I'm not a big fan of Bollywood or Hindi movies, and I find it hard to believe that I'm actually writing about one here now. On the other hand, I have to admit that they're beginning to address some pretty serious social issues these days.
Nor am I talking about only the big banners here. When Aamir Khan has finished making us squirm and burn with his latest crop of awareness-lifters and Ram Gopal Verma has given us the latest blood-splattered gangland update, films like 'Love, Sex Aur Dhoka' catch the tail-end of social wrongs and shake us up a little more.
No, I won't go into the intricacies of directorial and editorial style here. The film has been reviewed enough times on that level already. I'd rather stick to what it said to me personally, and the feelings it left me with.
To me, the film's overweening message was a confirmation of what I already know – we have outsmarted ourselves with technology. More specifically – by developing an abundance of gizmos invented specifically to invade privacy and lay all and sundry open for public scrutiny, we have doomed ourselves to perpetually looking over our shoulders.
Back in our hotel room after the movie, I looked at my laptop with suspicion I had never felt before. It has an in-built webcam, and I have been told that a craftily implanted Trojan can activate it without my knowledge. I shut the lid, but we changed in the bathroom.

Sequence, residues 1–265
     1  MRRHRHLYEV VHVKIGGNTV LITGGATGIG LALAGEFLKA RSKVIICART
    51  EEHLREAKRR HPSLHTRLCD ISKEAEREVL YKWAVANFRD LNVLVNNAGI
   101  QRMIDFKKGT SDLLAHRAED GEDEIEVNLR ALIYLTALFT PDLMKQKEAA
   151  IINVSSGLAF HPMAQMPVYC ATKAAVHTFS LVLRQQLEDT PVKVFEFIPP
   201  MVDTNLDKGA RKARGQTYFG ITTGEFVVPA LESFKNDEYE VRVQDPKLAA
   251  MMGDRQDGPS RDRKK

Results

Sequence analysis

'Love, Sex Aur Dhoka' is all about technology-aided voyeurism. Unsuspecting people are filmed for fun and profit in situations that human instinct has always required to be private. Lives are seriously disrupted or entirely destroyed.
The MMS scandals we have been reading about are apparently only the beginning. Sure, the film makes more some deliciously tense viewing and allows us to feel self-righteously outraged, but I think we need to go a little deeper than that. How safe are our daughters from technologically-enabled voyeurs and predators these days? Are our sons secure from the peer pressure that inevitably leads to such abuses?
A few years ago, a prominent public swimming pool in Pune was shut down because the girls' changing rooms had been rigged with amateur surveillance cameras. More recently, a 5 star hotel in Mumbai featured rather unfavorably in the news for similar reasons. Practically every college-going teen has a mobile with a camera and MMS capabilities built in. The market is crawling with spy cameras and surveillance equipment, at prices that many teens can easily afford today.
Sure, there are products available that can help us detect such devices in the periphery, but they don't strike me as the best solution. To begin with, they are expensive. Further, our owning them doesn't help our children when they visit the changing room in a boutique, gymnasium or swimming pool. Even if our teens have such devices on them, they still have to remember to use them in time. That's another paving stone on the long road of paranoia.
Predictably, 'Love, Sex Aur Dhoka' only showcases the problem – it doesn't offer an iota of solution. I don't know if I'm making a fuss about nothing, but I feel justified in voicing my misgivings here. I'd welcome any suggestions on how we can render our kids safe from such invasions – and their unthinkable consequences.